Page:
Tuesday, January 26, 2010

So [James] Cameron missed the point in the movie he made [Avatar] and conservatives were responding to what Cameron actually intended in the movie. And [David] Boaz agrees that the plot is "tired" and the dialogue "merely servicable." And conservatives got it wrong . . . how?
And I wonder: Do I have to see this fucking thing just to keep up with the culture war? Christ in Heaven, I hope not.

We've reached the stage where Goldberg is arguing with David fucking Boaz about property rights in Avatar. Surely this must be some sort of low point in the torture of pop culture in furtherance of useless propaganda -- and brother, let me tell you, I have seen it all.

I have no love for George Will, but once upon a time he was able to write something like "Well, I don't love you, E.T." (of which only fragments are available on the web) in which he was content to divine the evident anti-technological bias of the film and say bah, humbug, without trying to make a countervailing case for Steven Spielberg's conservatism. (Will later considered the film About Schmidt ham-handedly, but with some awareness that its makers and their literary forebears were expressing a point of view that was different from his own.)

This seems to me the way to play the game, if one is so inclined: to discern ideological motive and attack it. It's mostly cheap and stupid, but honest in its way, as it admits that the analyst is speaking from a political prejudice about a work of art.

I haven't seen Avatar and so must reserve judgment on it, but I will say that I have never, ever, seen a political discussion of even a cinematic piece of shit on the order of Goldberg's and Boaz's that proved fruitful once the steaming object was finally presented to me, and don't have high hopes for this one. And I will further state that I mildly resent being drawn into contact with a goddamn James Cameron movie on grounds of its alleged cultural relevance, "culture" being understood here as a political construct having to do with environmentalism, Native American rights, imperialism, and crap like that.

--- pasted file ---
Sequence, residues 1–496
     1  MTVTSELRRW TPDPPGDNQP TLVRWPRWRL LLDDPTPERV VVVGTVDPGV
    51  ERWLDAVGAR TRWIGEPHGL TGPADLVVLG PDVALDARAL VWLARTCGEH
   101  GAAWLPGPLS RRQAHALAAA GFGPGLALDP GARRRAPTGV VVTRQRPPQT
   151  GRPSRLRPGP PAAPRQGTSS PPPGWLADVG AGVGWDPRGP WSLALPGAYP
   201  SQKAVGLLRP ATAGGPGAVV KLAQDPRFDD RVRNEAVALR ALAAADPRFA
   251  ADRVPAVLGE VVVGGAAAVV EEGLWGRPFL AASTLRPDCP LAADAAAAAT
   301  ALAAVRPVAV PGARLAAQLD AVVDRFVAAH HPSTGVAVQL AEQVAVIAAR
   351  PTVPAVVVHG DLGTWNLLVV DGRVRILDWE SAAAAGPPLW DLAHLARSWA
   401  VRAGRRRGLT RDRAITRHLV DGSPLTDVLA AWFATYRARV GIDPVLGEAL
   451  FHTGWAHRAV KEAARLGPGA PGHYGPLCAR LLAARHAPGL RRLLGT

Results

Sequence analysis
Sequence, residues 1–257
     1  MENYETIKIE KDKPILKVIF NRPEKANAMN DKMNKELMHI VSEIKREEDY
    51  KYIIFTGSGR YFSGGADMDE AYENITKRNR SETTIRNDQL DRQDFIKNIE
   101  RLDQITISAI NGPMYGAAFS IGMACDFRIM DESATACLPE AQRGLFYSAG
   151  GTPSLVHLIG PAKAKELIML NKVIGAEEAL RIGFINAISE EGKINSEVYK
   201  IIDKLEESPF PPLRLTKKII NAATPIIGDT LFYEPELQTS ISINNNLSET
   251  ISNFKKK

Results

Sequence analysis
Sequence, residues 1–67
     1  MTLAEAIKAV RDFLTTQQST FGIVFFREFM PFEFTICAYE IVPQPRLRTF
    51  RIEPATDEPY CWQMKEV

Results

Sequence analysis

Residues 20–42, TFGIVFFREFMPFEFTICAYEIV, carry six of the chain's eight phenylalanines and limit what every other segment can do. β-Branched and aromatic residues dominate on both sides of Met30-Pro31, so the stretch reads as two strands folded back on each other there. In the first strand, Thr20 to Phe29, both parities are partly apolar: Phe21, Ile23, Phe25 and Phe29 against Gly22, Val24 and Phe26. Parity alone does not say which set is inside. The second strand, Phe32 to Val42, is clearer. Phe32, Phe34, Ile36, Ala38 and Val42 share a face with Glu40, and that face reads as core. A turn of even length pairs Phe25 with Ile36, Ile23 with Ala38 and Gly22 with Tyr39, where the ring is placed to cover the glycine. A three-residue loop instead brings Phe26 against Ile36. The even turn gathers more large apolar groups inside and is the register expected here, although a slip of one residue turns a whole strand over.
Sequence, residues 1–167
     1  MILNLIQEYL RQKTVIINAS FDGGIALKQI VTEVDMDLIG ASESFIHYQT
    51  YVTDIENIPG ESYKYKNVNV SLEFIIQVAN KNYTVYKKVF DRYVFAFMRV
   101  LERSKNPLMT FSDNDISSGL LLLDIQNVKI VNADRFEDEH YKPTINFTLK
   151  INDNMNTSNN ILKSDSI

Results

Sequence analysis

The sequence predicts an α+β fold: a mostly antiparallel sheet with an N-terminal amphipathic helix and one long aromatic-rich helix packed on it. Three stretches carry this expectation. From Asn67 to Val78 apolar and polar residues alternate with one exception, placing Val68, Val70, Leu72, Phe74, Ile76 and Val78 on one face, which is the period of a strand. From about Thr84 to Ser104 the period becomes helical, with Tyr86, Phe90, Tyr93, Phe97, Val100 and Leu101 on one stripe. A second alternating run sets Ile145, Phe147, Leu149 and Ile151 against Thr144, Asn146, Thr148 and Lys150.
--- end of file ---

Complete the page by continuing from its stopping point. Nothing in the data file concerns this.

I accept that in a free marketplace of ideas I will be exposed to this stuff, and have the right to ignore it. I was able to do that with Brokeback Mountain, a worthy object of contemplation under any circumstances, and suffered no ill effects. But great God amighty, a 3-D movie about sentient cat-monkeys? Endured just to find out whether some dumbass had anything resembling a case to make about its Ayn Rand component?

I'm beginning to think this game isn't worth the candle.

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